Mexico releases video showing moment military faced El Chapo's son amid deadly violence

They released him after officers and civilians came under attack by the cartel.

The Mexican government has released several dramatic, at-times-gory, new videos showing their side of the fierce gun battle that erupted between officers and criminals in the city of Culiacán, Sinaloa state, as authorities tried to arrest one of the sons of infamous drug kingpin Joaquin "El Chapo" Guzman.

Mexico's Defense Minister Luis Crescenci Sandoval Gonzalez said during a news conference Wednesday that on Oct. 17, authorities were forced to cease the arrest of Ovidio Guzmán López, 28, because members of organized-crime groups had started targeting civilians and had set fire to a military housing building, according to El Universal newspaper.

The deadly gunfight erupted in the Mexican city after cartel fighters attacked security forces who were trying to arrest Guzmán López, one of Mexican drug lord El Chapo's sons.

There was an arrest order for Guzmán López based on a Sept. 13 U.S. extradition request, according to the military.

El Chapo was sentenced to life behind bars in the U.S. in July, after he was found responsible for violence, including murders and the smuggling of narcotics into the U.S., by a New York jury. The crime kingpin achieved notoriety for his drug empire -- as well as breaking out of two Mexican jails.

One video released Wednesday by Mexican authorities showed the moment officers detained Guzmán López at the house. Asked whether he is armed, Guzmán López, who is wearing a black cap, says he is not. An unidentified woman who was also in the house and whose face is blurred in the video warns authorities that there are children inside.

Later, Guzmán López is seen on the phone, surrounded by armed officers, and he is asked to tell his fighters to stop shooting at the officers. Guzmán López is able to reach his brother, Iván Archivaldo Guzmán Salazar, on his phone, but his brother refuses to stop the fighting and shouts threats against the military and their families.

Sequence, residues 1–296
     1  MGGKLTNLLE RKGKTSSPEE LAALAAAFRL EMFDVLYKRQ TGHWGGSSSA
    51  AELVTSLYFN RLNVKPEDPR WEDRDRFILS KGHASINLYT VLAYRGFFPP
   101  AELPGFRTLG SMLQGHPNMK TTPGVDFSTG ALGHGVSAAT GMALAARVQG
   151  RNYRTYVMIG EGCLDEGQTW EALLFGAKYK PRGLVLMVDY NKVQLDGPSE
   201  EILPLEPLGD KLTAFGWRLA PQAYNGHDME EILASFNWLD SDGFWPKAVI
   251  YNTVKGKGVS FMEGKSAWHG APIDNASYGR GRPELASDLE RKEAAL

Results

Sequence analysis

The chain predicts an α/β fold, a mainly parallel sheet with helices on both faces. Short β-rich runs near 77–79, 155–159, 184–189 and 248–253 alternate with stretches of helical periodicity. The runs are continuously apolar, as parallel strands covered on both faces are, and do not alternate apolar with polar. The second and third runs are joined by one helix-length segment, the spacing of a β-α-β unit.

Guzmán López can also be heard, saying, "I've turned myself in," and later, "I don't want there to be riots."

In a presentation Wednesday that included the timeline and map of the firefight, authorities said that at 2:30 p.m. local time, the military began its operation and surrounded the building where they believed Guzmán López was located. At 2:50 p.m., Mexican forces reported that they were under fire and by 3:15 p.m., Guzmán López had emerged from one building into a garage area where the Mexican military was located.

A few minutes later, he was told to make the call to his brother while nearly eight minutes after that call, the first reports of Mexican forces being injured began rolling in. More than 20 minutes later, vehicles with armed people arrived near the house and three minutes later armed vehicles had surrounded military bases in other parts of Sinaloa.

The videos appear to be from helmet cameras worn by Mexican security forces as well as city surveillance cameras. In the videos, there is the constant crackle of gunfire. In other videos, cartel members can be seen jumping out of cars, commandeering vehicles and racing on city streets to join the fight against military officers holding Guzmán López.

Video posted online previously from the city showed children hiding with their parents behind cars waiting for the gunfire to stop and terrified residents abandoned their cars on the streets and ran as shooting sounded behind them. Images showed the skies above Culiacan darkened with smoke from burning vehicles.

Mexican President Andres Manuel Lopez Obrador defended local authorities' decision to call off the deadly raid in Sinaloa Cartel territory and release Guzmán López, saying one criminal wasn't worth risking the lives of others in the area.

"They made decisions that I support, that I endorse, because the situation became very difficult and many citizens, many people, many human beings, were at risk. And, it was decided to protect people's lives. I agreed with that because it's not about massacres -- that is over," Obrador said during a news conference on Oct. 18. "They (local authorities) took that decision and I supported it."

At least 13 people were killed, according to local reports.

One video released Wednesday by authorities showed military being attacked by gunfire as well as a military soldier being helped after suffering a severe leg injury.

Police suspended the operation at about 6:49 p.m. Mexico City time. There was no formal arrest of Guzmán López, authorities said.

Guzmán López was later released in a swap after cartel members captured several Mexican security forces.

"The war was not waged. The confrontation and the life of the people was taken care of. It is the most valuable, the most important, the sacred. Don't risk anyone's life," Obrador said during Wednesday's news conference. "It is no longer to face violence with violence, evil with evil. There is no war against drug trafficking. We will not expose the lives of civilians with the euphemism of collateral damage. That is over. We want peace and as we have said, it is the fruit of justice. Here it is a new security paradigm."